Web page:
Gareth Byss from the UK is another volunteer here. He spends his time translating Ukrainian into English for the website of a social organisation in Rivne. With no Ukrainian language experience whatsoever, he works with internet translators turning the text into readable English. Previously employed as an international hospitality manager working throughout North America and Great Britain, “My job became so routine,” he says. “Everything was so perfectly organised I didn’t need to worry about anything. In Ukraine, no day is like the one before.”
Before opting to become a volunteer, Gareth had visited Ukraine twice, and considers the lifestyle here pretty entertaining. “I communicate with my host family using body language. There is no hot water so I shower by pouring water over myself from a big bowl. And the roads! They are something out of this world!”
An Incredible Experience
Ukrainians too have a need to help, and while there is always need here at home, many say the projects are better organised across the border and therefore often head in the direction of Latvia, Lithuania, Estonia, Germany, Iceland and Norway. Typical projects can last anywhere from 6 – 12 months. But there are short-term projects available too, which many say is a good way to start out.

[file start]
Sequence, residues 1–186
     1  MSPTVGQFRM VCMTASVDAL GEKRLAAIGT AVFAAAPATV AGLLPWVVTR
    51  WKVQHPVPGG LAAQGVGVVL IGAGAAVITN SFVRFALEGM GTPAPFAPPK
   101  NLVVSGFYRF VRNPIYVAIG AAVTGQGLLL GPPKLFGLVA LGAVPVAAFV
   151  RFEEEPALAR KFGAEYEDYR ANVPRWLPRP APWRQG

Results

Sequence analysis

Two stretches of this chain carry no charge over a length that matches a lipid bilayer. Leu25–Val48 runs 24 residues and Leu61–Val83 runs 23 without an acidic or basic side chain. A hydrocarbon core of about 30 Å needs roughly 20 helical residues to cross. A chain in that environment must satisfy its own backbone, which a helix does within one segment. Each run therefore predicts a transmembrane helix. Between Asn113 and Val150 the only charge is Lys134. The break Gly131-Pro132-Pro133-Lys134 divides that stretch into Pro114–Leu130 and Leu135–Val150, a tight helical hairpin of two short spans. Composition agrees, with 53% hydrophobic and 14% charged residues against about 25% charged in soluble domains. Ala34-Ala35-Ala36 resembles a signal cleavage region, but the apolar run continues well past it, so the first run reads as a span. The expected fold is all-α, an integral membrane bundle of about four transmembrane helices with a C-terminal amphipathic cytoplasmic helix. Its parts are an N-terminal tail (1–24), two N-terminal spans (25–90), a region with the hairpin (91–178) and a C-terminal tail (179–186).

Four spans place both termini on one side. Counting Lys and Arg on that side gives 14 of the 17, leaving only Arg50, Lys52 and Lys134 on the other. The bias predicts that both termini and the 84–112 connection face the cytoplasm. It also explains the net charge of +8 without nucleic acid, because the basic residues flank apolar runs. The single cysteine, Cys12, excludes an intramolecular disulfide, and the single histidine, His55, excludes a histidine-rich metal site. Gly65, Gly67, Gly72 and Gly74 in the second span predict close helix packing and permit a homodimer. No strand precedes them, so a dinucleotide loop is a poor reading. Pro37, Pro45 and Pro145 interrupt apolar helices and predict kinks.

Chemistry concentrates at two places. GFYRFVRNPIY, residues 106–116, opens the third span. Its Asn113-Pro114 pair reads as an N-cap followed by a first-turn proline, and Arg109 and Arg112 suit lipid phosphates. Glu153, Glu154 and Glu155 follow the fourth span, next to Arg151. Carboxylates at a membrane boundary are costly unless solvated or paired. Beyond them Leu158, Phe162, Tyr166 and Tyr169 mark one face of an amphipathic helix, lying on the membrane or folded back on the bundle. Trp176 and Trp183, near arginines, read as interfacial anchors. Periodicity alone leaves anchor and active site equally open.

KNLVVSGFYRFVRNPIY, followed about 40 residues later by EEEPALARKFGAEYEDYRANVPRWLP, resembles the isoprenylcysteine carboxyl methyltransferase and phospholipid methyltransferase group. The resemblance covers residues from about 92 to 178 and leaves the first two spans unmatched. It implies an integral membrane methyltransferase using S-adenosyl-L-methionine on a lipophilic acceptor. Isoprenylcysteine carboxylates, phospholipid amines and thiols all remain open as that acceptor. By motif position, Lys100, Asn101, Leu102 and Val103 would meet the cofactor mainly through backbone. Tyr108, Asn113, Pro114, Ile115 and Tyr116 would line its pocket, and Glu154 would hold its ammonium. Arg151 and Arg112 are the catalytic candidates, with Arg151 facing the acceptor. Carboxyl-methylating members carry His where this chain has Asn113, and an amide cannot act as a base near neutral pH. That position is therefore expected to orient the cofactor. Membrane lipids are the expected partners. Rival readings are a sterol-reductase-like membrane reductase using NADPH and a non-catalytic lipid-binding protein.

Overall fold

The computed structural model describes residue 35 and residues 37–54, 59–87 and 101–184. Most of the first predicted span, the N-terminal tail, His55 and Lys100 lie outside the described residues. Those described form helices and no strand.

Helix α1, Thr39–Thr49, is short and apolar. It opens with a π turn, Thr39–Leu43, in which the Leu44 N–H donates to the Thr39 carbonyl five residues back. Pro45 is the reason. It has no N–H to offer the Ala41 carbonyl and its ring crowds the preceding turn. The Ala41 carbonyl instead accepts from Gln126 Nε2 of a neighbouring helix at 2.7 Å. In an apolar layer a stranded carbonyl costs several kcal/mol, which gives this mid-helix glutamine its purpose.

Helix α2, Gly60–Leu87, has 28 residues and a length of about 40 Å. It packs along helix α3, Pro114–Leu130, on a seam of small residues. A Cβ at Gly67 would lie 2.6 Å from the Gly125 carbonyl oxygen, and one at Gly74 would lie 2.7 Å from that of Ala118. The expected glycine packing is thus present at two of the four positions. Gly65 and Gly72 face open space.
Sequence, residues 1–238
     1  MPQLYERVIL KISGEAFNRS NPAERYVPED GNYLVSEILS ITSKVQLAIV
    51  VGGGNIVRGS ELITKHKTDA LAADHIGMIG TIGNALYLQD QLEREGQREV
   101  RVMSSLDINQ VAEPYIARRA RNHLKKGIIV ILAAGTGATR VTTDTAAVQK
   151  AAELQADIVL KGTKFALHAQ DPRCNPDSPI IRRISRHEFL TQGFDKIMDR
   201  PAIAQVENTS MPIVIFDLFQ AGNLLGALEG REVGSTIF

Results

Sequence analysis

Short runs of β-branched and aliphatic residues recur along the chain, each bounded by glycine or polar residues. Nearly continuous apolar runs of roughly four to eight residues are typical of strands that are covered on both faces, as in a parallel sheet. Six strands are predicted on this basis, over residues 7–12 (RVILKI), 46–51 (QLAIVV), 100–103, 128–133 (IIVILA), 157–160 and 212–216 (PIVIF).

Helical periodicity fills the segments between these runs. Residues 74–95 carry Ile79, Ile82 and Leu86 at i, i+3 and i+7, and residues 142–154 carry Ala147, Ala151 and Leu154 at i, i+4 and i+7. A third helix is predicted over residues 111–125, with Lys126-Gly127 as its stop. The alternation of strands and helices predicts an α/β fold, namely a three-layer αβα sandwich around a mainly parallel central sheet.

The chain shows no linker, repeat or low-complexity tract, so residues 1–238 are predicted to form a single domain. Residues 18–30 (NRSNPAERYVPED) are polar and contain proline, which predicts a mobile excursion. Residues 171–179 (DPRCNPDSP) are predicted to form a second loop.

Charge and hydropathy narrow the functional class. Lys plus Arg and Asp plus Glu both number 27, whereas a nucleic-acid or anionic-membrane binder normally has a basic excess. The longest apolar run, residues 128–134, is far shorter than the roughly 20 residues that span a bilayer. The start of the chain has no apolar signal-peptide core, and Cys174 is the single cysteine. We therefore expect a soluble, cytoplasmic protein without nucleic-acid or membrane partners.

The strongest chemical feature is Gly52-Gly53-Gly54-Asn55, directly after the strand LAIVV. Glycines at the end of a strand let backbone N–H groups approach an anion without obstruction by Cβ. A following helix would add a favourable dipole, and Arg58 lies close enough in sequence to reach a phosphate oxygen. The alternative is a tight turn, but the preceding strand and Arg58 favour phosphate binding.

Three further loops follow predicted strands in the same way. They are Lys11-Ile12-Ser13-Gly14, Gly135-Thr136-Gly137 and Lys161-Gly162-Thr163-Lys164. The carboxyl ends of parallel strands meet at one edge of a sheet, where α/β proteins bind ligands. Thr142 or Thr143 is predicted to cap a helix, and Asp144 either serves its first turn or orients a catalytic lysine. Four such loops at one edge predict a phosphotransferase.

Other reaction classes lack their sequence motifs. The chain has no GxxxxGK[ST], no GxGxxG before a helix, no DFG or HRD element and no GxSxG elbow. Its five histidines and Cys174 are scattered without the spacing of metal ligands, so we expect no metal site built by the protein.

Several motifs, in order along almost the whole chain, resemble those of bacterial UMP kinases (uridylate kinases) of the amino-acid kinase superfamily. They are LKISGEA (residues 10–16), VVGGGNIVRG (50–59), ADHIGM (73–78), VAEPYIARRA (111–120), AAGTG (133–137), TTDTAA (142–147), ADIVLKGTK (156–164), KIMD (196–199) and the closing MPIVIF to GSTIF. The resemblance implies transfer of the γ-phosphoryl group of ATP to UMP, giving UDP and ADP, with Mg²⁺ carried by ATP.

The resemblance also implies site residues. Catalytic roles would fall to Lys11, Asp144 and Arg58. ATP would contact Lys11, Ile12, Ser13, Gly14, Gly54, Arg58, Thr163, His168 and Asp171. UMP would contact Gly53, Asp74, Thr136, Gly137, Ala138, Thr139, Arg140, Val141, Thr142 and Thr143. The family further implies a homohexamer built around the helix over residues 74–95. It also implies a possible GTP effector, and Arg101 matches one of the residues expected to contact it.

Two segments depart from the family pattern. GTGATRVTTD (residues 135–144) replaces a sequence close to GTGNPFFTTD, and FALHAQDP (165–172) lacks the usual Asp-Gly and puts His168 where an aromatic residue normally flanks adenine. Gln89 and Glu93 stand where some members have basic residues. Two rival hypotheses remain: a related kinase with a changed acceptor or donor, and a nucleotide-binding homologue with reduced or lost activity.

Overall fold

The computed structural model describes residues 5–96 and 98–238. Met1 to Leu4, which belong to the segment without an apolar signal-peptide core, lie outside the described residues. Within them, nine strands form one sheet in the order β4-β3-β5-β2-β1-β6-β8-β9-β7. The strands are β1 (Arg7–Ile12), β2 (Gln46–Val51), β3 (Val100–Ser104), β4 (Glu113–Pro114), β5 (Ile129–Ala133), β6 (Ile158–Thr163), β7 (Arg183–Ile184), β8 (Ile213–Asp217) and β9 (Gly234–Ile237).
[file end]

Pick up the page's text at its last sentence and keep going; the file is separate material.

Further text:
Yulia Mitsenko from Zaporizhya started volunteering after graduation. Offering her services to a project in Greece, she has twice worked with children with disabilities. “There were 15 volunteers, a few nurses and almost 100 kids. It was a lot of work but we were all treated like family!” Helping to feed babies, take kids to school and assist in daily therapy sessions, she offered her own classes for the kids in painting and modelling. “I loved my work, because there were no restrictions. I could have given any class that suited me.”
In addition to their daily duties, the volunteers would also take shifts to clean, shop or cook. Time was allocated for travel over the weekend, and living in Greece for six months Yulia learned a lot. “The Greeks I met really enjoy their lives. Despite the economic and political instability, they felt at ease.”